What are Blue Chip Stocks?
Find out what blue chip stocks are, their benefits and drawbacks and the type of investors who generally invest in these stocks.
June 9, 2022
This article is provided for informational purposes only and should not be construed as legal or investment advice. Consult with a professional financial or investment advisor before making investment decisions.
In the investing world, there are a few different kinds of stocks that you will often hear about, like "blue chip" stocks. But what actually are blue chip stocks?
Blue chip stocks are the stocks of large, well-established companies that have a proven track record of profitability, long and sustained growth, and a reputation for being leaders, or at the very least, holding important positions in their respective industries. These companies are known to endure economic downturns and even operate profitably in such conditions. Additionally, many blue chip companies have a long history of consistent and rising dividend pay-outs to shareholders.
Though no investment is ever 100% without risk, and past performance is never a guarantee of future results, blue chip stocks are generally considered to be some of the safest and most reliable investments that one could invest in.
So what else do you need to know about blue chip stocks? Keep reading.
Blue chip stocks: Where does the name come from?
The term “blue chip” comes from gambling, more specifically poker, where the most valuable plastic chips that are used in place of money are blue chips.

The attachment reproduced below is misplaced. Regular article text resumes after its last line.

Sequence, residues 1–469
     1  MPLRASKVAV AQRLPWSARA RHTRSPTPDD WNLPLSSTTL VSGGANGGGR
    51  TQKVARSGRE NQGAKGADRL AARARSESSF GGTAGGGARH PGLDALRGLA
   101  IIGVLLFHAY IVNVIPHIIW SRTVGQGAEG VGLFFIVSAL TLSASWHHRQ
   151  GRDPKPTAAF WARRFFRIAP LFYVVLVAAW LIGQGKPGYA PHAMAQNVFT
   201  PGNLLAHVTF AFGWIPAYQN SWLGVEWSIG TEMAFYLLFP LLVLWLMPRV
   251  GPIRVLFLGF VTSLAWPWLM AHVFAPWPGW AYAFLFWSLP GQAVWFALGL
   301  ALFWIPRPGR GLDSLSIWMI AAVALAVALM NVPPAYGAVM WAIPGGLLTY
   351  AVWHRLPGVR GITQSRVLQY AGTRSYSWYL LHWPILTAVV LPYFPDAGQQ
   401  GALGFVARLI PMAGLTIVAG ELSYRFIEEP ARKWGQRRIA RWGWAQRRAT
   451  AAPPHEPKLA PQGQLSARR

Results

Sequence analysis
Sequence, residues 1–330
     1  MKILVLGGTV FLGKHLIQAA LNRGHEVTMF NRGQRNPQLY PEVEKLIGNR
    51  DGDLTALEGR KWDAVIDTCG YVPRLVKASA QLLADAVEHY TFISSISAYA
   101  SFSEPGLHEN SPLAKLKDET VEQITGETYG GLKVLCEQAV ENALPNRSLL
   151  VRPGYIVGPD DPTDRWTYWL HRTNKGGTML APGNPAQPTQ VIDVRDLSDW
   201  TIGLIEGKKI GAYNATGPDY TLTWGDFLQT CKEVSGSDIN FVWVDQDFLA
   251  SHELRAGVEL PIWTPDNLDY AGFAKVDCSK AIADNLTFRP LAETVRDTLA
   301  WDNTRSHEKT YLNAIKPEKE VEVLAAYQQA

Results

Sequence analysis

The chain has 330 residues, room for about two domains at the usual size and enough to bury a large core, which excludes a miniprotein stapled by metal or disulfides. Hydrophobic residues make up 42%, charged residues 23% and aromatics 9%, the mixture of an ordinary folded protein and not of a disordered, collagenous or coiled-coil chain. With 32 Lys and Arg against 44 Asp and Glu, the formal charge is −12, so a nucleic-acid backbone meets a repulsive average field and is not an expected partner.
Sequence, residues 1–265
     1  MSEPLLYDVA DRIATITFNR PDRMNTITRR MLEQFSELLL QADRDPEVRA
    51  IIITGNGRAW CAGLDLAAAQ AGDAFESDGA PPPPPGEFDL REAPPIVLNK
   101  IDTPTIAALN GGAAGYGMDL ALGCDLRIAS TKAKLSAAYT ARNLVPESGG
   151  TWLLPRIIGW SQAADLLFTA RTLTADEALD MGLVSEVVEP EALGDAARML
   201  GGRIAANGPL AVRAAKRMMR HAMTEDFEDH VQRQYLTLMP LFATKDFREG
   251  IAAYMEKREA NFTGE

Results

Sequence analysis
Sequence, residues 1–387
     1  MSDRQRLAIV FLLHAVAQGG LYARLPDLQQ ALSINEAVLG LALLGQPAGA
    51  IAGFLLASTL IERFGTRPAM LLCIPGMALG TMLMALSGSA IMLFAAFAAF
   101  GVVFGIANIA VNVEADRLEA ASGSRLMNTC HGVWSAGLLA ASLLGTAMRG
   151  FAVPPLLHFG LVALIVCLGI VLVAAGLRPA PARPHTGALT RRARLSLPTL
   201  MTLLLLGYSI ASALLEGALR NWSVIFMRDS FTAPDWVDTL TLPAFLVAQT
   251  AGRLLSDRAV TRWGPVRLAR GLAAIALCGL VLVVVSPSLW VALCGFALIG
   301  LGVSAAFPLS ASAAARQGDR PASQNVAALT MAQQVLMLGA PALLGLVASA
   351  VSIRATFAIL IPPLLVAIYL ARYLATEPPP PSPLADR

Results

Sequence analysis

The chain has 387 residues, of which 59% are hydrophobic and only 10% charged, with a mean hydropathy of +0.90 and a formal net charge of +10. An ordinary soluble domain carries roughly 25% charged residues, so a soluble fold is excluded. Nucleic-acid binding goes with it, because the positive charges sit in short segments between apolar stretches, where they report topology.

Oliver Gingold, an employee of the Dow Jones, used the term sometime in 1923 or 1924 in reference to high-priced stocks, i.e., stocks that were trading at $200 or more per share. Today, the term is more commonly used to refer to high-quality stocks.
What makes a stock "blue chip?"
There are no hard and fast rules for designating a company as blue chip. Companies with blue chip designation, however, tend to share some common characteristics that include:
Large market capitalization
Leaders (or very important players) in their respective industries
Relatively stable earnings track record
Solid record of sustained growth
Solid reputation build over several decades
No major outstanding liabilities
Many (but not all) blue chip companies also make regular and often rising dividend pay-outs to shareholders, including when the economy is moving adversely.
Furthermore, many blue chip companies are constituents of major stock market indexes such as the Dow Jones Industrial Average (DJIA), the S&P 500 and the Nasdaq 100.
What are blue chip stocks in the U.S.?
Blue chip stocks include household names that you have most likely heard of, and whose products or services you have most likely purchased, used or come into contact with. Here are few examples:
Johnson and Johnson
Proctor and Gamble
Can a company fall out of blue chip status?
Companies can lose their blue chip status or designation over time.
For example, Kodak, the imaging products company, and Sears, the department store retailer, were once among the most powerful blue chip companies in the U.S. Both companies declared bankruptcy in the 2010s and are no longer considered blue chips.
Tough economic conditions, poor management, shifting market dynamics and other negative forces can cause a company to lose its blue chip status.